Cool. Before we move on, quickly, you can raise your hands up. Why are you here? Maybe to learn empathy? I guess all of us know about that. Yeah. You can Google it and you would know. Are you here to apply empathy to your development teams? Yes? Okay. Any technical leaders here? Tech leads? Team leads? Maybe a lot of useful insights today that you can gather and go back and apply to your team.

2. Understanding Empathy

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Empathy is the awareness of the feelings of others. It means putting oneself in someone else's shoes, comprehending their emotions, perspectives, experiences, and responding with sensitivity and compassion.

So, just a simple definition, of course. All of us know what empathy is. It's the awareness of the feelings of others. I mean, all of us know, very simple. But how do we apply it? So, the definition says that you put oneself in someone else's shoes, right? And to comprehend their emotions, perspectives, experiences, and how do you respond with sensitivity and compassion? But does it really literally mean wearing somebody else's shoes? No, of course not, right? What does it mean? Bryn Brown said that you should be able to see the world as others see it, or maybe not be too judgemental about your junior developer or a senior developer, or maybe understanding other feelings. We'll see that in our coming slides.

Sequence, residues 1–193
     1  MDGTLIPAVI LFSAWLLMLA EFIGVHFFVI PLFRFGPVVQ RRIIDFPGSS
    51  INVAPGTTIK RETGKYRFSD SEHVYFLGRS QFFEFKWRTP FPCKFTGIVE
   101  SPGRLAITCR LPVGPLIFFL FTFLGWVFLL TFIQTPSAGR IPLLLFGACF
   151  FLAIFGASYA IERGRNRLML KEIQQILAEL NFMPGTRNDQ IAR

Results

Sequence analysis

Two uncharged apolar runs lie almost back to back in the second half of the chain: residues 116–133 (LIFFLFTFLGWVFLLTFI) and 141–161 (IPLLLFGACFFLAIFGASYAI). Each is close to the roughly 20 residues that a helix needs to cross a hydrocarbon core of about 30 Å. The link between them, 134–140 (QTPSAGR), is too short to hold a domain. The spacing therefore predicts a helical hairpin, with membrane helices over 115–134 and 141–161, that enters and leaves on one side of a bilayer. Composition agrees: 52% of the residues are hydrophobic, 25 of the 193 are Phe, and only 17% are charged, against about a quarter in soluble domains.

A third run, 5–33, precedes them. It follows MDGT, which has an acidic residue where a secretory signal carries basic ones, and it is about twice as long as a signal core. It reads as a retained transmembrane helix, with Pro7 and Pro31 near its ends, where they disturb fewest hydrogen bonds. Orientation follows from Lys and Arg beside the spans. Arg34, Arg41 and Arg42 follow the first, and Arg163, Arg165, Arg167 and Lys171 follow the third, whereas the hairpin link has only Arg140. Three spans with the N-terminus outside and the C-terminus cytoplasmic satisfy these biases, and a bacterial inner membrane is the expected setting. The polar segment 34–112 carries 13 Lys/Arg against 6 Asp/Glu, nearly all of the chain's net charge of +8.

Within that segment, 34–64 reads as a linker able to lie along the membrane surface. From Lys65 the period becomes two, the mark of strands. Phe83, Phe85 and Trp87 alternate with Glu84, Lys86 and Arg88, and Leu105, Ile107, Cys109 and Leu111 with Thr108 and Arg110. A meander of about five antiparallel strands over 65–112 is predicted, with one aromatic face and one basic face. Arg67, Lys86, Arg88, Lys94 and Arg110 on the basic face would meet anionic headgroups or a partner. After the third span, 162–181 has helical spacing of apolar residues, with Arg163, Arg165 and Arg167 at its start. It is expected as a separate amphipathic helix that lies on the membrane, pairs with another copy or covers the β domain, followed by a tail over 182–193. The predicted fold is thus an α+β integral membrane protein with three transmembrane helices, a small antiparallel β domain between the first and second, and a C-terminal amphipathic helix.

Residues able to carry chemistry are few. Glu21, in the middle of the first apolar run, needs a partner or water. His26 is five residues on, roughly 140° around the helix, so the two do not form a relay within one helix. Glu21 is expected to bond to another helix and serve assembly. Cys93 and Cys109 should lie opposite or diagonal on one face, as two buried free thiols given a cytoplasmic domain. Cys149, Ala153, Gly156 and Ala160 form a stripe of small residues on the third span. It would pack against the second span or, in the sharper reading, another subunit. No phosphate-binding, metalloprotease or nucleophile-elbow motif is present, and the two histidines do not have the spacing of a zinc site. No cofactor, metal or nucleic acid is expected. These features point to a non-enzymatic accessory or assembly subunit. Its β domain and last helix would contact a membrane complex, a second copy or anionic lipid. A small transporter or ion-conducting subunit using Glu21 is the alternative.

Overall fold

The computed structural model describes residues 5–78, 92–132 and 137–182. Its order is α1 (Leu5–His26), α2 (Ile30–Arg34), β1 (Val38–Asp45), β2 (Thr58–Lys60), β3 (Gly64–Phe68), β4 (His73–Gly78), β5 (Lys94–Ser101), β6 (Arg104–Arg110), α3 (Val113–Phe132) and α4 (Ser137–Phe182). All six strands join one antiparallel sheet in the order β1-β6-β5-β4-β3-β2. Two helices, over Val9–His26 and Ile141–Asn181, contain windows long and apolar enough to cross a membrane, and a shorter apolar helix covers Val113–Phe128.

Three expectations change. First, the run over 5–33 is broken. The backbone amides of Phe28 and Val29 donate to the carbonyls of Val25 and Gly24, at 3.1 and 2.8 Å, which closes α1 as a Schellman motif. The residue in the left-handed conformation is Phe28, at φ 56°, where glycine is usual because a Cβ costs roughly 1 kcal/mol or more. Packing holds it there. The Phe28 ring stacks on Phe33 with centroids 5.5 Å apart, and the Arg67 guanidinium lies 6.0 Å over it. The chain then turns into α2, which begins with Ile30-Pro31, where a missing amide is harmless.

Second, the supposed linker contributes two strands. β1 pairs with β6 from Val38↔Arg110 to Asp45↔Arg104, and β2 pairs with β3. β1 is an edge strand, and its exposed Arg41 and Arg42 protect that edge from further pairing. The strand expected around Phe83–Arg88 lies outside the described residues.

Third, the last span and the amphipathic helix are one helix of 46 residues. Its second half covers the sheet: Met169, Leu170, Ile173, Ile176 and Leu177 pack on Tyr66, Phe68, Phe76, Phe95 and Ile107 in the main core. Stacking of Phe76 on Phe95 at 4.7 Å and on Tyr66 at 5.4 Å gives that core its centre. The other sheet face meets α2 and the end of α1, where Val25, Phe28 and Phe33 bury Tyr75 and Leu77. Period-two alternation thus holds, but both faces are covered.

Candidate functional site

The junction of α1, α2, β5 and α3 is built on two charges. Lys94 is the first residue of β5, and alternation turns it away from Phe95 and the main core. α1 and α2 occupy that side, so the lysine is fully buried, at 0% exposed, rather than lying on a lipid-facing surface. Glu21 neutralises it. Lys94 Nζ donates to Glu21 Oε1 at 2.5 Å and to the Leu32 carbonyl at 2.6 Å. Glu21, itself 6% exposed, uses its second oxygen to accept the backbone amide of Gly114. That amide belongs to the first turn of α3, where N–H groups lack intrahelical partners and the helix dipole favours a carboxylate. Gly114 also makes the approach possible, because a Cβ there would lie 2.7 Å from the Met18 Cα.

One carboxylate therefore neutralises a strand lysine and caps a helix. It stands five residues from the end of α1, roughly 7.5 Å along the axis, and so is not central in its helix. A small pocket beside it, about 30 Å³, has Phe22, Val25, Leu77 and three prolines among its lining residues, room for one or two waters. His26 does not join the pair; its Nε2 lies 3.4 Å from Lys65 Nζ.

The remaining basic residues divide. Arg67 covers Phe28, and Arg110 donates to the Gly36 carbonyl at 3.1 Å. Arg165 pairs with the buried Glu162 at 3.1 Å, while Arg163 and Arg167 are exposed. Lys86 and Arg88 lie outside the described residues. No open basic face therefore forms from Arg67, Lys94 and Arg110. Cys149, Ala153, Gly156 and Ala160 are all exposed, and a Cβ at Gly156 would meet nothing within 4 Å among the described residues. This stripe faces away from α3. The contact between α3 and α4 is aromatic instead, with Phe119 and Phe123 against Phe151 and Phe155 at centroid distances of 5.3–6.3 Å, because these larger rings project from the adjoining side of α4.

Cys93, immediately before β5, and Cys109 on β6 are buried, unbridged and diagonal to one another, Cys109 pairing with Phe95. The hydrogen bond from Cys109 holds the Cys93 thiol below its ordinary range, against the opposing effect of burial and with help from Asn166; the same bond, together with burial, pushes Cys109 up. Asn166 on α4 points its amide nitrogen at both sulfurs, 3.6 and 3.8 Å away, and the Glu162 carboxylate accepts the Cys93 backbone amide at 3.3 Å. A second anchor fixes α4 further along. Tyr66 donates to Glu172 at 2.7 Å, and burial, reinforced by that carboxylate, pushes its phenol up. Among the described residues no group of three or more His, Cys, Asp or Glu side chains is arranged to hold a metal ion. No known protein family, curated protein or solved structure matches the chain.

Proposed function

3. Applying Empathy in Development

Short description:

The definition of empathy-driven development means focusing on human behavior in the software development process. Applying empathy in code reviews and discussions is crucial. Instead of blaming and shaming, try to understand the context and find ways to improve. Avoid accusatory questions and use a more objective tone. Stop criticism and focus on what the developer could do. Emphasize understanding and provide constructive feedback.

So, the definition of empathy-driven development means that you focus on the human behavior in the software development process. And that will help you foster trust, transparency, and also build robust software, right? And how you apply it in your development process, we'll see it later.

So, as said, empathy is for engineers too, right? You agree with me? Yeah? How many of you have dealt with legacy code here? Come on. Yeah? I mean, me too. Yes, I started my career as a developer, and all of us go through the legacy code.